In 2002 I worked for the Department of Water Affairs and Forestry (DWAF). That was the year of the Earth Summit or the World Summit on Sustainable Development, an initiative trying to build international consensus and action to push back “the worldwide conditions that pose severe threats to the sustainable development of our people…” It was at this Summit where I met a most unusual man.
Like many government departments, DWAF had set up an exhibit to display their work in widening access to potable water, sanitation and other development-focussed projects such as the planting of indigenous trees. As a member of the communication section of DWAF, we took turns being on hand at the exhibit for any questions that conference visitors might have, handing out brochures, CDs and tap water fed through a water cooler. At the time, Joburg water was rated as the third highest quality in the world.
Enter the Earth Walker
On one of my shifts, a guy ambled into the exhibit with a rough, two metre staff in his hand that he was using as a walking stick. With his dishevelled hair, unkempt clothes and scraggly beard, he looked sort of like a Moses or Noah figure. As he came into my personal space, I stepped back a bit. He stank. I got the distinct impression that this guy had been sleeping on the streets for a good few days.
“Can I help you?” I asked as I took another solid step backward. “Paul Coleman,” he beamed back. “They also call me The Earth Walker.” I picked up a distinct British accent but none of this was able to dilute any of my scepticism. Earth Walker? Who the hell is that? “Uhuh, and you would like to speak to…” “… Minister Ronnie Kasrils says that I can rest here a bit,” he completed my sentence for me. “We are sharing a public platform tonight.” I knew that Ronnie Kasrils was unorthodox, but this one had me intrigued.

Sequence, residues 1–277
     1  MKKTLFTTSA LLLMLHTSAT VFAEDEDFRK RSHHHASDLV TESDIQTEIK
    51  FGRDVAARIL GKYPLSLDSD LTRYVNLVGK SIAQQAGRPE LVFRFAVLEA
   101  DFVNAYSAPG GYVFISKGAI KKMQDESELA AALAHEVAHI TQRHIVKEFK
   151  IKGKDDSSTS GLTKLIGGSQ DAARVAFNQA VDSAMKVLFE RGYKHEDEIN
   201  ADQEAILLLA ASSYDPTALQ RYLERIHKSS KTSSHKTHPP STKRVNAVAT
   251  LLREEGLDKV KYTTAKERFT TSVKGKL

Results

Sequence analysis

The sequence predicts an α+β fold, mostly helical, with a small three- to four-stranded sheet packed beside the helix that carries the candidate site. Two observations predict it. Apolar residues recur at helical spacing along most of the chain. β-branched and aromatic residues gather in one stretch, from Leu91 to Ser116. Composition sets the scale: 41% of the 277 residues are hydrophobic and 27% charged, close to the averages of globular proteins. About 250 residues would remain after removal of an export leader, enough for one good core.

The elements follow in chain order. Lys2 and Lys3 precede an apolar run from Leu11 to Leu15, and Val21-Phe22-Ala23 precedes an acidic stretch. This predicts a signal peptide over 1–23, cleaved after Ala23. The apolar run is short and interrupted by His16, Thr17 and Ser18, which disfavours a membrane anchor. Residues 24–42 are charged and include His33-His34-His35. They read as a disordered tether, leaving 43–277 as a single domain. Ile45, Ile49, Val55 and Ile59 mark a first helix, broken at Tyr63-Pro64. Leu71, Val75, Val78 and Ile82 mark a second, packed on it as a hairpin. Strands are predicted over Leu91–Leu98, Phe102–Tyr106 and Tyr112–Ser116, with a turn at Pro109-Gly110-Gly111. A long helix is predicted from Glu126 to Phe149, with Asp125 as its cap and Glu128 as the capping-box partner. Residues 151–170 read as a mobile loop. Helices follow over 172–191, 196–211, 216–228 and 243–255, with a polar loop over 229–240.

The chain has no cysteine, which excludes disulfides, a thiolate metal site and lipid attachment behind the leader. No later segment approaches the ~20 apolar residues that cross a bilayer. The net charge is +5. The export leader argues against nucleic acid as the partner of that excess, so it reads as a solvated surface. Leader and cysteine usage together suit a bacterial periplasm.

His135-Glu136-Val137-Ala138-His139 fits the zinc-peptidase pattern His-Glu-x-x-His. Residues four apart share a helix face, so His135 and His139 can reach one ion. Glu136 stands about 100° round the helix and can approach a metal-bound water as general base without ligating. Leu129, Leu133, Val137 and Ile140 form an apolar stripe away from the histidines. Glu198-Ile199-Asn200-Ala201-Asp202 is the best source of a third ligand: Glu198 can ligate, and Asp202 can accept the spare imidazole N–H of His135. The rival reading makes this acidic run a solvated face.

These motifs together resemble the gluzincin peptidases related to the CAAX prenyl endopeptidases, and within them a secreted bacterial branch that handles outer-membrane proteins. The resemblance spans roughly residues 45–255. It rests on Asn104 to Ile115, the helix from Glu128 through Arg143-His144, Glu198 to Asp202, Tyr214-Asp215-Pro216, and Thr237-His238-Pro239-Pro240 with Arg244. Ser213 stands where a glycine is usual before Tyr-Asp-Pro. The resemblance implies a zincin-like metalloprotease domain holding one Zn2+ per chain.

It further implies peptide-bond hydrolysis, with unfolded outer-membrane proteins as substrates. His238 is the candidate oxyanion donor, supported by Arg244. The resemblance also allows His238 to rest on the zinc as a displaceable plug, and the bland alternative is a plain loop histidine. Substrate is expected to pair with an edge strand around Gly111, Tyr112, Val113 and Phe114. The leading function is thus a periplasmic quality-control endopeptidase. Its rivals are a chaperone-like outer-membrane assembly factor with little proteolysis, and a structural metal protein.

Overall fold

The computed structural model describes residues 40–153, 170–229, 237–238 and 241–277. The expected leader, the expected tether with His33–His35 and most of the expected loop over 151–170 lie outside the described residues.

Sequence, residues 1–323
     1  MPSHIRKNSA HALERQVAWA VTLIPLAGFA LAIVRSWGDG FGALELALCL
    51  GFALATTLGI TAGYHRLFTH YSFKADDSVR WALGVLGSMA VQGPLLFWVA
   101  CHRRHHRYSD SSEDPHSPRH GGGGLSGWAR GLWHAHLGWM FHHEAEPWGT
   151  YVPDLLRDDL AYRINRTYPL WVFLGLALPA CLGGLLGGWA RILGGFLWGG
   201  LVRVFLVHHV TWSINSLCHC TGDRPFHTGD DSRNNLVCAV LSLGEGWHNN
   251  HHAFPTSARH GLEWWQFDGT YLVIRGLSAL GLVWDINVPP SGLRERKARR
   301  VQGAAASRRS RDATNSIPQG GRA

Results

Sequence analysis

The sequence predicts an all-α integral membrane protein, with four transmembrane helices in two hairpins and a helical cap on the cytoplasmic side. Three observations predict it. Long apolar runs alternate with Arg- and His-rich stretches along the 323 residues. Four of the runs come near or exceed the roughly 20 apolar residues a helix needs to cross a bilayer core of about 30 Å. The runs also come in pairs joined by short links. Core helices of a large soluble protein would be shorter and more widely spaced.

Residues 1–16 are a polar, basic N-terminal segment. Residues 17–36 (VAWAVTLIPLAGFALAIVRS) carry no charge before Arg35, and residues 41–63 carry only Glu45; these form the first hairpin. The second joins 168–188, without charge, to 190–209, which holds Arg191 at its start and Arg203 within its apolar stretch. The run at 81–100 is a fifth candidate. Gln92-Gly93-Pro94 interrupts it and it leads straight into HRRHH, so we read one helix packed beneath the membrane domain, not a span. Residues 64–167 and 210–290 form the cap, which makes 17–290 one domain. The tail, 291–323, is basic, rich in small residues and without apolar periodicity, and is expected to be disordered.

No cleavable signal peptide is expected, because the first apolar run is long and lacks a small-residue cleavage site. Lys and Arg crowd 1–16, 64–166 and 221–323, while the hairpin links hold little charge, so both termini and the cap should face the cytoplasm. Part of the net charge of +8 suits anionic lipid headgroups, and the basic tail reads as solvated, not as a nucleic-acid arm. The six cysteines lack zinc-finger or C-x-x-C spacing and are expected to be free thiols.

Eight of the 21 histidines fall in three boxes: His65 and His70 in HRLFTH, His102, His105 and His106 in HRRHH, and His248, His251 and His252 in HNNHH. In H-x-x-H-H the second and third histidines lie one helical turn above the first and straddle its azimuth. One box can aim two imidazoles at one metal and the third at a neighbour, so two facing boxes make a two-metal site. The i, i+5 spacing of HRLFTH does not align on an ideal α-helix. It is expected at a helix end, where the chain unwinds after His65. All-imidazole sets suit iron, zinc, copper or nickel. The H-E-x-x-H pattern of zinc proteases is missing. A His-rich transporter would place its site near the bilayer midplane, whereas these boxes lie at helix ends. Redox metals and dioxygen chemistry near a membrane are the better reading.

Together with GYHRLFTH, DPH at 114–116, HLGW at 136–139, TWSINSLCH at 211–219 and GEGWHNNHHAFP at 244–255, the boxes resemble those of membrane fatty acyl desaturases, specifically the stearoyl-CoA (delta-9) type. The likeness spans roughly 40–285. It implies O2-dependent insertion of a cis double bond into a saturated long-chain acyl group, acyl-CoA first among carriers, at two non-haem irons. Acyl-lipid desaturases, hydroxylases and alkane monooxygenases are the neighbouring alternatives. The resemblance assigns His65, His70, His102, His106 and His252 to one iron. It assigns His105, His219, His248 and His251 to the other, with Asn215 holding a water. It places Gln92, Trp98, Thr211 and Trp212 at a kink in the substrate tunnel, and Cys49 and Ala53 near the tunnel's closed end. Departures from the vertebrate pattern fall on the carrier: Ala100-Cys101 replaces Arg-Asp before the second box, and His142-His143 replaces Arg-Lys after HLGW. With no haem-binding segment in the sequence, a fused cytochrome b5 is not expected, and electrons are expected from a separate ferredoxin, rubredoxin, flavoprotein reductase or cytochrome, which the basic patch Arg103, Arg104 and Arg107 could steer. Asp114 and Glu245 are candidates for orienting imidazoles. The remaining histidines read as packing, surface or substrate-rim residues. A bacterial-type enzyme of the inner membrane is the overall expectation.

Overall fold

Brilliance in simplicity
He then began to explain to me that for the last Earth Summit in Rio de Janeiro, in 1992, he walked from Canada through the United States through Mexico to Brazil on the Save the Amazon Walk. All along his route, as people discovered why he was walking, he would ask them to plant trees. On his journey, he met very interesting people who shared their stories with him. It was on this epic walk that he met the Man Who Planted Water in Mexico.
Apparently, Mexico has similar water challenges to South Africa. Like SA, they have a few big rivers that flow throughout the year from which they can dam and develop hydro-electric power but the vast majority only flows during the rainy season. For the rest of the year these rivers dry up and place the poorer communities in such areas in dire straits. In one of these villages, outside of Mexico City, the Earth Walker met a retired engineer. Alex was an octogenarian who had a brilliant but simple idea.
His concept was to build a series of small dam walls along a kilometre length of the small local river that dries up for much of the year. The idea was not so much to create an actual dam but rather, like a beaver might do, it was to slow down the flow of the river serving several functions:
1. A slower river means that the community can use the water to irrigate the farmlands.
2. Clothes could be washed more easily in the river.
3. Children can now swim in it.
4. Silt will gather and can be used to enrich the agricultural land.
5. The river is filtered from pollutants with every dam wall it flows over as well as through the holes in the wall that are covered with rocks and twigs.
6. Because the river is now slowed down, it will flow for longer during the year.
7. Then when the river finally dries up, one can dig a well at the dam wall or place a water pump as the wall would have help feed the underground water system.
Government says No!
When Alex proposed this to the Mexican government, they rejected his idea. He even volunteered to fund the dams himself but the authorities would not budge. Governments generally have bought into the idea of big dams. This means working with the bigger rivers, using large acres of land so that water can be sold to municipalities or hydro-electric schemes can be established. In the biggest project of this nature, the 3 Gorges Dam in China, it meant the displacement of over a million people, billions of World Bank dollars. This dam is so massive that it has an effect on slowing the earth’s rotation (ever so slightly) and shifting the position of the poles by two centimetres!
So Alex took it upon himself to organise the building of seventeen dams for the one kilometre stretch. This the government could not tolerate so they broke down all the structures. Alex then had them rebuilt. The authorities smashed the walls once again. Alex had them rebuilt. When the government came to smash the walls once more they warned Alex, “Rebuild this once more and we will put you in jail.”
I’m eighty seven years old, I told them. I only want to bring water to the community, send me to jail. But they didn't send me to jail, because by now the people understood what I was trying to do and they'd get into a lot of trouble, so I rebuilt the dam.
The monopoly of knowledge